After the success of Tukaram, Rao’s association with the famous CENTRAL STUDIOS grew; most of his films that followed were under their banner including:

While PRAHALADHA didn’t have a particularly memorable impact on ringing the cash register, so to speak, it found other reasons to make its mark in the history of Tamil cinema. One of the reasons was the appearance of the superstar turned later Chief Minister of Tamil Nadu, Mr. M.G. Ramachandran, known fondly as MGR. This was one of his very early films of his career, his 6th— to be precise. The sword fight scene between him and the lead actress M.R. Santhanalakshmi became quite a talking point. T.R. Mahalingham, who played the titular role, went on to become a famous singer in his own right.


An advertisement for the Film PRAHALADHA

From the magazine DINAMANI VARUSHA MALAR 1939

PC: From the archives of TCRC


Sundar Rao Nadkarni, born in Mangalore, started his film career as an actor in silent films and later switched over to editing and direction. His first Tamil film as a director was SAKKUBHAI, which was released in 1934.

A few other films he made included:

  • 1937: RAJA BHAKTHI 
  • 1938: BHUKAILAS 

His film BHU KAILAS or MANDOTHARI PARINAYAM, released in 1938, was produced by Sundaram Sound Studios Ltd, Chennai. It has, unfortunately, now been lost. However, it is often mistaken for the remake (made by Rao himself) in Telugu with same name, BHU KAILAS. It was produced by A.V. Meyyappa Chettiar known as AVM. The film became a huge hit and helped in reviving AVM’s business, which had previously been hit by losses incurred from 2 Tamil productions namely Alli Arjuna and Nandakumar. We will return to discuss AVM later in this series.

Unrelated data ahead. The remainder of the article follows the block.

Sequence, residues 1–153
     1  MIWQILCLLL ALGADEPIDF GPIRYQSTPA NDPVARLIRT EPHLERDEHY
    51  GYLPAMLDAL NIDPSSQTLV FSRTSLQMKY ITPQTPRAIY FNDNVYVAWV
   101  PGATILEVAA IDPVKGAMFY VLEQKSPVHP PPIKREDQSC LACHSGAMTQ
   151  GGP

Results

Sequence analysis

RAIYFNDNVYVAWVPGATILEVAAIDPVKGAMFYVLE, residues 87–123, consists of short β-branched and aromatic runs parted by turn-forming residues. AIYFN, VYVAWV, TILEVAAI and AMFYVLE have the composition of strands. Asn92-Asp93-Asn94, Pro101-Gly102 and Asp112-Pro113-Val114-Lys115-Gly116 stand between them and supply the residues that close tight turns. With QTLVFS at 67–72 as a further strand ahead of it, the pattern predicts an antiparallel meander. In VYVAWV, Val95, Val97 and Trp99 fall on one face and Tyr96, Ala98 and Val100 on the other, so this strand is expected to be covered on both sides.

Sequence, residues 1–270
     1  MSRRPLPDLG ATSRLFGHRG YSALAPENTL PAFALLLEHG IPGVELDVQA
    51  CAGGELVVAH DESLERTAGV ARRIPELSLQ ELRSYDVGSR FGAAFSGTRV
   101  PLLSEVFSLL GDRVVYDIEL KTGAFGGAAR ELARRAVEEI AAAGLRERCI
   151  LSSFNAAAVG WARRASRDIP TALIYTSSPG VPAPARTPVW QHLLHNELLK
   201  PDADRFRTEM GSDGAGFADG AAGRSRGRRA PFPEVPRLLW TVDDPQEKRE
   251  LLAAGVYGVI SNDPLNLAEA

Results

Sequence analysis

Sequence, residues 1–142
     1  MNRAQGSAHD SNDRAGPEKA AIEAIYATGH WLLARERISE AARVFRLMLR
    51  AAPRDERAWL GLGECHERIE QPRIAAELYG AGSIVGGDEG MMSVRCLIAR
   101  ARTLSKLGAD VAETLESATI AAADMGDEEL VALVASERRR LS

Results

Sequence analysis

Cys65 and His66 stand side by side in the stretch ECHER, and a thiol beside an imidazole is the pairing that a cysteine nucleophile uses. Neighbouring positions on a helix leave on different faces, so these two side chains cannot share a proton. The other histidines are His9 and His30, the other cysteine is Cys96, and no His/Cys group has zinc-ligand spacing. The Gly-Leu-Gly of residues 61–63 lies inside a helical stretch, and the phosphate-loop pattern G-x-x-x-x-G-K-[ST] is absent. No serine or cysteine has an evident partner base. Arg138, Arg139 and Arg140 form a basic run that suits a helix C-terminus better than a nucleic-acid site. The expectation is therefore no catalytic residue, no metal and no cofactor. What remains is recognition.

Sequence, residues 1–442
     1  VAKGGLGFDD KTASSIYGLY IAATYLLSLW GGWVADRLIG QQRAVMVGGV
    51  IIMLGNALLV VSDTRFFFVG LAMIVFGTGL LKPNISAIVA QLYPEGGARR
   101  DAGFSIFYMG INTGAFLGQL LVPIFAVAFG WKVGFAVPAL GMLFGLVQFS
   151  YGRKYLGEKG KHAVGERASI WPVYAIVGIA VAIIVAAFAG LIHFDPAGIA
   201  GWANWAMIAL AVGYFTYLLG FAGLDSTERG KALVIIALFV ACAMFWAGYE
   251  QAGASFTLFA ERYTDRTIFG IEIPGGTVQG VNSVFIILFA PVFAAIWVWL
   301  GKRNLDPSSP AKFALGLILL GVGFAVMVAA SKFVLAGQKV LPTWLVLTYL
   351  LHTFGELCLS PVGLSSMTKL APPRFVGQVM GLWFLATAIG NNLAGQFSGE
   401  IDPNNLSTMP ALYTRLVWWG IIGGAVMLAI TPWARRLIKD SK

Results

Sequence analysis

Bhu Kailas.jpg

An advertisement for the Film BHUKAILAS

From the magazine CINE ART REVIEW 1937

PC: From the archives of TCRC

SHANTHA SAKKUBAI, produced by Royal Talkie Distributors, had K.Aswathamaplaying the titular role, and K. Sarangapanithe other lead role.Incidentally, the film was also the debut — as a dialogue writer, no less — for the famous and multifaceted Kothamangalam Subbu, who went on to become very popular later in the industry. 

His association with S.S. Vasan and his famous novel,Thillana Moganambal— which was made in to a blockbuster film with same name — are still proudly, and with awe, discussed in Tamil film history. Subbualso acted in a small role, besides writing dialogues for the film. The film became a big hit, and established, once again, a Rao as one of the successful filmmakers of 1930s

Shantha Sakkubai.jpg

An advertisement for the Film SHANTHA SAKKUBAI


PC: From the archives of TCRC[To be continued] We’ll be back next week with more hidden treasure from the history of Tamil cinema. Stay tuned!

About the Author:

V.V. Prasad is a Electronics and Communication Engineer based from Chennai. He is currently involved in the role of a Researcher and Archivist in THE CINEMA RESCOURCE CENTRE.
He takes care of the non film materials like Photographs, Magazines, Lobby Cards, Song books etc of the archives. Cataloguing them and digitizing them are part of his current work.
His interests and passion lie on the research of Cinema particularly South Indian Cinema.

The Pioneers of Tamil Cinema




This week, we are going to talk about the Raos, a set of people who can truly be said to have ruled the Tamil film industry in the 1930s. These were Y. V. Rao, P. V. Rao, B. N. Rao and Sundar Rao Nadkarni – in some ways, the first royals of the Tamil industry.